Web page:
Nudging Robots: Innovative Solutions To Regulate Artificial Intelligence, Michael Guihot, Anne F. Matthew, Nicolas P. Suzor Jan 2017

Nudging Robots: Innovative Solutions To Regulate Artificial Intelligence, Michael Guihot, Anne F. Matthew, Nicolas P. Suzor

Vanderbilt Journal of Entertainment & Technology Law

There is a pervading sense of unease that artificially intelligent machines will soon radically alter our lives in ways that are still unknown. Advances in artificial intelligence (AI) technology are developing at an extremely rapid rate as computational power continues to grow exponentially. Even if existential concerns about AI do not materialize, there are enough concrete examples of problems associated with current applications of AI to warrant concern about the level of control that exists over developments in this field. Some form of regulation is likely necessary to protect society from harm. However, advances in regulatory capacity have not kept ...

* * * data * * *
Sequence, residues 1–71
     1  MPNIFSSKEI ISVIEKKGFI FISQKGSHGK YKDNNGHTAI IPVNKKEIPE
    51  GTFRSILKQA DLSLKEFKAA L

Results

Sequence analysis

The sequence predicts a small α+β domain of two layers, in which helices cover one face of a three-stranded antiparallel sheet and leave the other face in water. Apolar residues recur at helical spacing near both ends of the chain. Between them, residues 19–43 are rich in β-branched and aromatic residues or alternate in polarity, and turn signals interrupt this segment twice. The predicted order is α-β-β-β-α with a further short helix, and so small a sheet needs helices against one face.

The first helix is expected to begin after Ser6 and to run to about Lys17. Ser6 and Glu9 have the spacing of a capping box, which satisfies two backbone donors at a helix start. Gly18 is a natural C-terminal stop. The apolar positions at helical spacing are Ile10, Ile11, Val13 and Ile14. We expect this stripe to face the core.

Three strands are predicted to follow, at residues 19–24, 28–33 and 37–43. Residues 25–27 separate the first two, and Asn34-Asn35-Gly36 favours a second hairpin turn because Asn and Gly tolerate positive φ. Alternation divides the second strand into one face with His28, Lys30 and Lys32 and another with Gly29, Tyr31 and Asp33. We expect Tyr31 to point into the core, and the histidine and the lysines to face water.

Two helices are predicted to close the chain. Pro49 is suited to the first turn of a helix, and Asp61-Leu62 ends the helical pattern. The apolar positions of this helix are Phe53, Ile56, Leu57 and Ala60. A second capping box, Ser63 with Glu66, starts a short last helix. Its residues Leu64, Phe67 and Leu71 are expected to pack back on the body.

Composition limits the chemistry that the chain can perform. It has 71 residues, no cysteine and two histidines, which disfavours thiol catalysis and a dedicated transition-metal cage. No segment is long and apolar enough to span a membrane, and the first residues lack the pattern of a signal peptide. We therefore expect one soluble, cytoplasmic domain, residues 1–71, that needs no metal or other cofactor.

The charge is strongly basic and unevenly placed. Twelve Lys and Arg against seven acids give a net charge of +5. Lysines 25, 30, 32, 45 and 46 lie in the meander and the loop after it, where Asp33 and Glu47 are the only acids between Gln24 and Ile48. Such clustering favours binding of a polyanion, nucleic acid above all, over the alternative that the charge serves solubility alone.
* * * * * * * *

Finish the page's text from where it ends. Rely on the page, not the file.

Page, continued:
Trends In Global Nanotechnology Regulation: The Public-Private Interplay, Reut Snir Jan 2014

Trends In Global Nanotechnology Regulation: The Public-Private Interplay, Reut Snir

Vanderbilt Journal of Entertainment & Technology Law

Over the last decade, concerns regarding potential exposure to nano materials gave rise to substantial new regulation intended to ensure safe development of nanotechnology applications. This Article examines the resultant regulatory system through empirical analysis of trends and patterns in global development of nanotechnology regulatory initiatives. It argues that rather than a government-driven process, it was private actors who set the regulatory wheels in motion. This Article shows that under conditions of scientific uncertainty, governments lacking technical and scientific knowledge to support risk-based regulation often leave a regulatory void. Consequently, businesses apply self-risk-management strategies to fill the gap, leading the ...